which does not exist in western Michigan. Mechatronics refers to the use
of electronic sensors to collect data to control the movement of
machines. In life sciences, that is being increasingly applied to
medical devices.

We do not offer a separate curriculum in mechatronics, but elements
of it are integrated into courses we teach, said Paul Plotkowski,
dean of the Seymour and Esther Padnos College of Engineering and
Computing at GVSU.

If you look at who gets hired, you'll notice biomedical
engineering and mechatronics aren't on the list.

GVSU is focusing on traditional science majors with a good dose of
biomedical training included in the studies, Plotkowski said.
What we're hearing from the industry is that's what they want us
to do, at least at the undergraduate level.

Marilyn Schlack, president of Kalamazoo Valley Commun ity College and a
board member of Southwest Michigan First, intends to focus on the
manufacturing components that factor into life-sciences needs.

Life sciences doesn't have to mean very discreet research someone
in a lab coat might be doing, Schlack said. Life sciences includes
hospitals, the medical school being built in Grand Rapids, medical
devices. With medical, you're talking manufacturing. What kind of
support do they need?

While the Taimerica report focuses on the higher-level learning,
community colleges can play a strong role in educating life-sciences
workers, Schlack noted.

Most technicians, you can do very well with a two-year degree,
she said. Our medical-assisting programs or respiratory therapists or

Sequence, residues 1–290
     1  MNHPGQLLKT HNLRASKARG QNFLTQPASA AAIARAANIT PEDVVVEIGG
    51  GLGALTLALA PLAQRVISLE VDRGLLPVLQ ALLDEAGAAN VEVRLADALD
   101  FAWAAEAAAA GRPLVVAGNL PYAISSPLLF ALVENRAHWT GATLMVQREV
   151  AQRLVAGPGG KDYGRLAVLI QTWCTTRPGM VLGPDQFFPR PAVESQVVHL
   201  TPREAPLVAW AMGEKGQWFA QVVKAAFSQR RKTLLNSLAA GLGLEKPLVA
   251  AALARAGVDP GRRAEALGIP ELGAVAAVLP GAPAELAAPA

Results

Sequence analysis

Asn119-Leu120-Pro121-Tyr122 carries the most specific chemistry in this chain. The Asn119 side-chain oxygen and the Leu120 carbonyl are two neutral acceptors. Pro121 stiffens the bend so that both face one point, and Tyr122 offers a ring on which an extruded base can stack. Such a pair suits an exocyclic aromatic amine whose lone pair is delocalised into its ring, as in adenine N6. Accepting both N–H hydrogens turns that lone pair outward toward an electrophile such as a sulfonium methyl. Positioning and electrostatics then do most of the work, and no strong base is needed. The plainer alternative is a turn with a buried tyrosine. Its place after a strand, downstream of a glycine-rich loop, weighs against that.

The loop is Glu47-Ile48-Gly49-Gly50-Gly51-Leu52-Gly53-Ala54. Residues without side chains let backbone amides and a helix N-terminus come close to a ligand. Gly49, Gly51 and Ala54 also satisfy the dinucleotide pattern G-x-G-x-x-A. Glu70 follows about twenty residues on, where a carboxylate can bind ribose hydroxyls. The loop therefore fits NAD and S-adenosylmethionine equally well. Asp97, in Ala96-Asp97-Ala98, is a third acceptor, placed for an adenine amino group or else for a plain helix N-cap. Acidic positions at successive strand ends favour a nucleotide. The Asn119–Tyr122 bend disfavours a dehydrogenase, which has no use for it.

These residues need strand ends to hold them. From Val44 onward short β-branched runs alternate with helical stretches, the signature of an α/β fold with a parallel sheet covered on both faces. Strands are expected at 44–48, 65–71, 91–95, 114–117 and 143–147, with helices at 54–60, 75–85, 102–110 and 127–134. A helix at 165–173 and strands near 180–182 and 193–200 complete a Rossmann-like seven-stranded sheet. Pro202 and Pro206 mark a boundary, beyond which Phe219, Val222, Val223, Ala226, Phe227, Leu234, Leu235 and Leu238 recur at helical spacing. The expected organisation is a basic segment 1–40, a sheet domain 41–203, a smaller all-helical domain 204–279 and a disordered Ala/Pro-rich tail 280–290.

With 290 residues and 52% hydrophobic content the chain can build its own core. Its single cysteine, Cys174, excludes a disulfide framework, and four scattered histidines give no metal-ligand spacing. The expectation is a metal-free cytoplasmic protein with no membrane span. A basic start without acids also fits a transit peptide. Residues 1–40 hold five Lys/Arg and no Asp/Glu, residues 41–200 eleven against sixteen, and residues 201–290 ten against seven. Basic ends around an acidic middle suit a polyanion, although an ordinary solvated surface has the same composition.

nurses could probably go out and function in some technician-level
jobs . We have to be much more specialized in our educational
planning.

That requires a dialog between schools efforts that are under way
on many levels in the region. Life-sciences education is a topic when
Plotkowski meets with other educators at the Michigan Engineering
Dean's Counsel, he said. Also, KVCC meets with other southwest
Michigan community colleges and Western Michigan University frequently,
Schlack said.

One of the topics we are going to be talking about is common
planning for manufacturing, she said. The problem there is,
we're not far enough along in a need's analysis or the direction
our communities are taking.

We're going to have some fits and starts, but we do need to sit
down and say, Where are we going to put our money and time
first?'

Kitchens plans to have those discussions with local schools, as does
Birgit Klohs, head of Right Place, who will meet with GVSU this fall,
she said.

The problem we run into is we're not going to find the state of
Michigan as a whole supportive of paying for new programs, Kitchens
said. If a new engineering program is going to be designed , we as a
region are going to have to pay for that. We're going to have to be
creative in developing that synergy and not look to Lansing or
Washington for help.

I'm not willing to let the state off that easy, Schlack
responded. The governor has said it, the legislators have said it,
the future of this state rests with education.